Returning to run post knee injury

Returning to run post knee injury

Welcome back to the LEVER Movement blog! In this edition we’re going to take a look at a 2017 study by Hambly, Poomsalood, and Mundy.

The purpose of the study entitled: “Return to running following knee osteochondral repair using an anti-gravity treadmill: A case report” was to assess the impact of using Body Weight Support as a runner returned from a knee surgery.

The athlete in the study was “a 39-year-old otherwise healthy female endurance runner with a left knee femoral cartilage defect. The patient underwent single step arthroscopic microfracture with Bone Marrow Aspirate Concentrate.” For the patient's return to running, they used Body Weight Support on the treadmill over an eight week period. 

Researchers found “The return to run program resulted in improved knee and rehabilitation self-efficacy and subjective knee function following osteochondral repair of the knee. This case highlights the potential role for anti-gravity treadmills in enhancing self-efficacy and subjective knee function in preparation for a return to sport.”

A 2022 study by Vincent, Madsen, and Vincent aimed to look at the role of “Role of Antigravity Training in Rehabilitation and Return to Sport After Running Injuries.”

Researchers describe treadmills with Body Weight Support can cause “reductions in cadence, ground reaction forces (GRF), GRF impulses, knee and ankle range of motion, and vertical stiffness, with elevations in stride duration, flight time, ground contact time, and plantarflexion.”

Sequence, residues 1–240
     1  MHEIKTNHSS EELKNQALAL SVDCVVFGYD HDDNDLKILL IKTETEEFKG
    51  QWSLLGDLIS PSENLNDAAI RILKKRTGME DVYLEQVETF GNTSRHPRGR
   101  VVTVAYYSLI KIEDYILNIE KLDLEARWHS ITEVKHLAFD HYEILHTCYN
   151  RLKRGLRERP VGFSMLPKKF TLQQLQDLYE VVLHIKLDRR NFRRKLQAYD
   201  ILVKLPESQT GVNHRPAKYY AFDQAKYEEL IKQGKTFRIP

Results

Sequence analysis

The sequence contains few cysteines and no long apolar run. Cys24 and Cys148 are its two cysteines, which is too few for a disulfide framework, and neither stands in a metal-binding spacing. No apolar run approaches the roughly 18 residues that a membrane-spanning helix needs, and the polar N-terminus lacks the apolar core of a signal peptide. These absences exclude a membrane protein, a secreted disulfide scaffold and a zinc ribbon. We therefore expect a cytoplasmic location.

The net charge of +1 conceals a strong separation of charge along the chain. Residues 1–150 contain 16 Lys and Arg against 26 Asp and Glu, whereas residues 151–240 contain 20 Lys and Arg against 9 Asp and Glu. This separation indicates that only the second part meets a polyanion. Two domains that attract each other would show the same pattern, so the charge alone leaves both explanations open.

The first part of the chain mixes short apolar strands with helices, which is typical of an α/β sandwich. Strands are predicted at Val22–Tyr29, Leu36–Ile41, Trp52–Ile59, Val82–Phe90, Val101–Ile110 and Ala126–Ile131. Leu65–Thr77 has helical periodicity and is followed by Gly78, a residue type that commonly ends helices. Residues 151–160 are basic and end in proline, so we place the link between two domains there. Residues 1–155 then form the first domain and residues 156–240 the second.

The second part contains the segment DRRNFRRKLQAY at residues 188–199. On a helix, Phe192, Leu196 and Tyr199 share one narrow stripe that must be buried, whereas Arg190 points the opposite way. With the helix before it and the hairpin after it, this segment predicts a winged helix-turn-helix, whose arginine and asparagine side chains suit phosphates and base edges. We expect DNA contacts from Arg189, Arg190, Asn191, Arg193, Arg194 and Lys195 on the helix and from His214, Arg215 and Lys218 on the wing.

With these considerations, they found that these types of systems for rehabilitation “appear useful across a spectrum of injuries in runners, including post surgical repair of osteochondral defect, stress reactions (medial tibia, pelvis), and lumbar disc herniation. Runners may preserve aerobic fitness, muscle activation patterns, and muscle mass during recovery compared to traditional rehabilitation protocols.”

Along the way in a return to run program they note that speed or grade can be increased or decreased in conjunction with the level of Body Weight Support to maintain metabolic demand and fitness while minimizing bone and tissue loading.

Once the runner is able to run pain free for above 95% of their body weight for over thirty minutes, the runner is likely ready to safely start to transition back to overground running.